Sensor Sweep: World of Warcraft, Libertycon, Lin Carter

Monday , 20, June 2022 1 Comment

Gaming (Bounding Into Comics): In their latest effort to try and rehabilitate their public image, Blizzard Entertainment has introduced a new anti-harassment “Social Contract” which World of Warcraft players must agree to before logging into the game. As reported by 80Lv, players are presented with the agreement upon their first log-in to the game following the May 31st rollout of its 9.2.5 patch.

Fantasy (John C. Wright): The issue Martin ran into with ASOIAF [A Song of Ice and Fire] is, ironically, one of this own hand… he spent five books subverting expectations, killing key characters, torturing and scattering the survivors to the ends of creation.

Conan (Sprague de Camp Fan): “Red Moon of Zembabwei” by L. Sprague de Camp and Lin Carter was first published in Fantastic, July 1974. It is the third story in Conan of Aquilonia, Prestige Books (distributed by Ace Books), 1977. The cover and interior art is by Ron Miller. Born May 8, 1947.

S-F Conventions (Bayou Renaissance Man): Libertycon has begun, with people streaming in from across the country (and a few from around the world) for the occasion.  I didn’t make it to the opening ceremony yesterday afternoon, because by the time I got there all the seats within sight had been taken.  With my wonky back, and using a cane as I do, I wasn’t about to stand through an hour-long opening, so I adjourned to a place with a seat and relaxed.

Tolkien (Notion Club Papers): There is a brief yet marvelous conversation in The Lord of the Rings, when Legolas and Gimli walk together through Minas Tirith and talk of the race of Men. ** ‘We will come’, said Imrahil; and they parted with courteous words. ‘That is a fair lord and a great captain of men,’ said Legolas.

D&D (Monsters and Manuals): Human beings like role playing, and will do it even with purportedly abstract games, or when on their own. Nobody who has ever played a video or board game can fail to notice that as soon as there is some character or item with which one can personally identify, people begin to act in accordance with that particular ‘role’ and to a certain extent assume it psychologically (if only for the duration of playing the game).

Fantasy (Cobalt Jade): The Chronicles of Prydain is a much-loved children’s book series originally published in the 1960s. It consists of five books that follow the adventures of Taran, an orphan growing up on a farm with a wizard, a retired warrior, and a magic pig, Hen Wen, whom he cares for as “Assistant Pig-keeper.” In many ways, it’s an American analog to the Narnia series, but without Christianity, and a school-age analog to Tolkien, but based on Welsh myth including The Mabinogian.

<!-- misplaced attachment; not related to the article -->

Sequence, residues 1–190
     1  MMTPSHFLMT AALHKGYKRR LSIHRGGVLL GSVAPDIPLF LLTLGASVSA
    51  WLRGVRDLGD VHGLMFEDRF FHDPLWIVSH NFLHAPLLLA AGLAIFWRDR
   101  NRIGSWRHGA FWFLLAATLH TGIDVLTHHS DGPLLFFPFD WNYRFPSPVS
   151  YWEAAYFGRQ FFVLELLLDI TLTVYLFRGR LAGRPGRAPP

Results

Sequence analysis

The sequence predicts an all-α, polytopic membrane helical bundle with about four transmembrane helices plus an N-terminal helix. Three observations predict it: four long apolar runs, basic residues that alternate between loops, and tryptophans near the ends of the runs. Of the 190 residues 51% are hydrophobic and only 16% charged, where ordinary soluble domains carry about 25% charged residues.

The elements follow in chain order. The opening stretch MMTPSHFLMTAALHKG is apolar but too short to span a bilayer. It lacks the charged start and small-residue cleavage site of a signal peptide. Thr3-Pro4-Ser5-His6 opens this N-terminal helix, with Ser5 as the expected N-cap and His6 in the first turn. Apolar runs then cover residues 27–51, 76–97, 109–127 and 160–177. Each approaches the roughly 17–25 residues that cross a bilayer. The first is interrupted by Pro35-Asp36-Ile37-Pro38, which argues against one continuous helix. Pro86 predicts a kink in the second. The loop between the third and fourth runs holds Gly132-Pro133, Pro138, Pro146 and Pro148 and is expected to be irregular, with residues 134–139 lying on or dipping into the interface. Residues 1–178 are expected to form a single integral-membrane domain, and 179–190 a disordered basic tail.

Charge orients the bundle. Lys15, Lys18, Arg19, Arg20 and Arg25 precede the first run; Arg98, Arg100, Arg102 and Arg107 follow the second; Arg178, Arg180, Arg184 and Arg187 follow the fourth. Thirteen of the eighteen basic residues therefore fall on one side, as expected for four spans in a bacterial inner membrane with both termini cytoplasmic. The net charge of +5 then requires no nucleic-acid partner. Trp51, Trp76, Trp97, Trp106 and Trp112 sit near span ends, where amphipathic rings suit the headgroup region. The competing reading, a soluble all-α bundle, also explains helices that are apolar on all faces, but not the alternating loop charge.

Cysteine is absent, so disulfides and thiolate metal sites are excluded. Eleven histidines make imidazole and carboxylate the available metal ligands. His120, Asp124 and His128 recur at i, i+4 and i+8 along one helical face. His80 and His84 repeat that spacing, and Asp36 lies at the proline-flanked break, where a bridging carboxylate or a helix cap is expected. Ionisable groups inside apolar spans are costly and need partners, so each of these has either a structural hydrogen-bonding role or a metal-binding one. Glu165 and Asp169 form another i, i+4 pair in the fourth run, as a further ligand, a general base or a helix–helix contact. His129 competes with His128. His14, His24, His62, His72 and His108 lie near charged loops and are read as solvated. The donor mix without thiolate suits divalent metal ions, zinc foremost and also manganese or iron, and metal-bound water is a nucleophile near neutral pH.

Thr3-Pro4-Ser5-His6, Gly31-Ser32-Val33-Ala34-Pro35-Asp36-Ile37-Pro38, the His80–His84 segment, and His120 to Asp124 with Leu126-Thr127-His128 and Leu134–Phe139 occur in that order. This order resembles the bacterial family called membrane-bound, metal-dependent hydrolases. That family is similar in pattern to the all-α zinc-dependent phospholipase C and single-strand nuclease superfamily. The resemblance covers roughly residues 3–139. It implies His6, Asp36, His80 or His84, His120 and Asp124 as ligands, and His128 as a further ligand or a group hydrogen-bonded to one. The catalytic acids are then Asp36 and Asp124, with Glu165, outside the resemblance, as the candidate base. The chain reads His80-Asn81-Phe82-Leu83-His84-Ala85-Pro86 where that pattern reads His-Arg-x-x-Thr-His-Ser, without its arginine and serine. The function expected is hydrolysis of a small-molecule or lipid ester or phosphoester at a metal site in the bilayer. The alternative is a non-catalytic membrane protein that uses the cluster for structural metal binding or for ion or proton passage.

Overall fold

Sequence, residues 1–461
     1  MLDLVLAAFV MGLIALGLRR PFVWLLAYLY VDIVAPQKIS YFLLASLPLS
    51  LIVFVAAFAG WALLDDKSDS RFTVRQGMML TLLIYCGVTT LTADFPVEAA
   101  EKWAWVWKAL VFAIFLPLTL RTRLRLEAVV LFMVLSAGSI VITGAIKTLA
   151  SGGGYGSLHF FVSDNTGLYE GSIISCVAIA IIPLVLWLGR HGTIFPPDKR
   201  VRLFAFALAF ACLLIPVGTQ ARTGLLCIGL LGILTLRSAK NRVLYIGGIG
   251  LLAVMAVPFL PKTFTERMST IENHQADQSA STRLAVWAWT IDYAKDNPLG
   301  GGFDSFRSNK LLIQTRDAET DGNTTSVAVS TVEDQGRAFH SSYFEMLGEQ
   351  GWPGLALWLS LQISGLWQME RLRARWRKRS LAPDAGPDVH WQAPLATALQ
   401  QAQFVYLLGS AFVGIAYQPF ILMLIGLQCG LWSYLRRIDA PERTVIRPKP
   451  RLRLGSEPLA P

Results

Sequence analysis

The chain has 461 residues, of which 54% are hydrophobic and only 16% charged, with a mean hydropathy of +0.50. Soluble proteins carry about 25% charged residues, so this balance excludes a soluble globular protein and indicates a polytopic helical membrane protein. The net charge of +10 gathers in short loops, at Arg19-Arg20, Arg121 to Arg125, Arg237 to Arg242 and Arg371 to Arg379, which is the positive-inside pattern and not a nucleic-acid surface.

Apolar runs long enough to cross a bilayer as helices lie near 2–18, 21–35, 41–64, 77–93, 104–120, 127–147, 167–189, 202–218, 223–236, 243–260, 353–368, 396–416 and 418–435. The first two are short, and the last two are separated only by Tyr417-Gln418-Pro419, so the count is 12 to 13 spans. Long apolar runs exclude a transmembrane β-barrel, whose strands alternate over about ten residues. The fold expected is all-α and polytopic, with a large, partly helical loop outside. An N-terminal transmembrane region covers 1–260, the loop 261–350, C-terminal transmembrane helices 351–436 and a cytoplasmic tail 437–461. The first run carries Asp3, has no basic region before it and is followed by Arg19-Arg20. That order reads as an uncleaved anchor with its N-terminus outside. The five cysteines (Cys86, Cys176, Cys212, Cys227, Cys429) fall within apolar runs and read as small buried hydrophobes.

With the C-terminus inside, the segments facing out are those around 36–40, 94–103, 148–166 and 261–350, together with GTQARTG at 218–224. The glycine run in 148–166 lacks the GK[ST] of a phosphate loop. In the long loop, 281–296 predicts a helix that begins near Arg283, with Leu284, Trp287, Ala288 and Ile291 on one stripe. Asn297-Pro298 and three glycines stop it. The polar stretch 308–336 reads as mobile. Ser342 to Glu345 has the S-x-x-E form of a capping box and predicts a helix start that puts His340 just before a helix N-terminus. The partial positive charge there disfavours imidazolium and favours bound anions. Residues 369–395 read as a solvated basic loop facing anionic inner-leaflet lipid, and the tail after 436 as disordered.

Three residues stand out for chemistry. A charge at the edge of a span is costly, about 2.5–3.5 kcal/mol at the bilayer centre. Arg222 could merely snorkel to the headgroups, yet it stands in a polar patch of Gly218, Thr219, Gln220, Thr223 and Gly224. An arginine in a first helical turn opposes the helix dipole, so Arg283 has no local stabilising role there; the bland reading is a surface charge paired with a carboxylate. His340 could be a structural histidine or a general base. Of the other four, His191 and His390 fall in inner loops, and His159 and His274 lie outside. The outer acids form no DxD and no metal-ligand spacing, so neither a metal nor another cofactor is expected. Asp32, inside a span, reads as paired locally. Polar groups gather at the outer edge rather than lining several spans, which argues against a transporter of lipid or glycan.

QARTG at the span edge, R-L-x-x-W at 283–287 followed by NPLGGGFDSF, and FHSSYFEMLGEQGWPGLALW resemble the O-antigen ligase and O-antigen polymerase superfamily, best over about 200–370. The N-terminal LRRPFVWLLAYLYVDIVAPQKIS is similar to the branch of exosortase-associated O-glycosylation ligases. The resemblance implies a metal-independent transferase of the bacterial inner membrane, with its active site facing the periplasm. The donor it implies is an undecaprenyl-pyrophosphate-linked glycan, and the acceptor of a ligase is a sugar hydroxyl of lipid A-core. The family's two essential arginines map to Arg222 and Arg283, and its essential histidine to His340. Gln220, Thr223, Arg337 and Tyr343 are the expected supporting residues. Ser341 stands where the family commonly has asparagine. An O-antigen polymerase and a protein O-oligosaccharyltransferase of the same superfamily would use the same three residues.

Fantasy (With Both Hands): Sometimes, I read books so you don’t have to. The Well at World’s End really is a seminal work, but it is also a slog of a book that I wouldn’t recommend to someone reading for fun. But it is a fascinating story, and the prototype of the generic medieval setting that has become the standard for mythic fiction post D&D.

Following With Both Hands editorial policy, I intend to fully spoil this book, but as it was published 126 years ago and it is a bit of challenge to get through, I think this is for the best.

D&D (Necropraxis): The founding myth of the OSR, that it is based either in an original play style or in the Gygaxian style, … My view is that many of the communities, past or present, which identify with the “OSR” are based on that myth despite it being inconsistent with the multi-various ways in which hobbyists played in the 70s and 80s, as well as with the specific vision of D&D which Gygax propagated.

Writers (DMR Books): Hello readers. My name is Ken Lizzi, writer of two-fisted fabulism, lawyer, husband, and father, aficionado of that glorious marriage of hops and barley. I’ve been writing stories for as long as I can remember. It wasn’t until the early 2000s, however, that I began to seriously apply myself.

Fantasy (Goodman Games): Linwood Vrooman Carter was born on June 9th, 1930 in St. Petersburg, Florida. In the august company of his fellow Appendix N authors, Lin Carter is a figure both of high esteem and some controversy. As an editor and critic, he is indispensable, most notably for his role in editing the landmark Ballantine Adult Fantasy series (BAFS), which ran from 1969-1974 and re-introduced such luminaries as Lord Dunsany, William Hope Hodgson, and Clark Ashton Smith to the fantasy-reading public.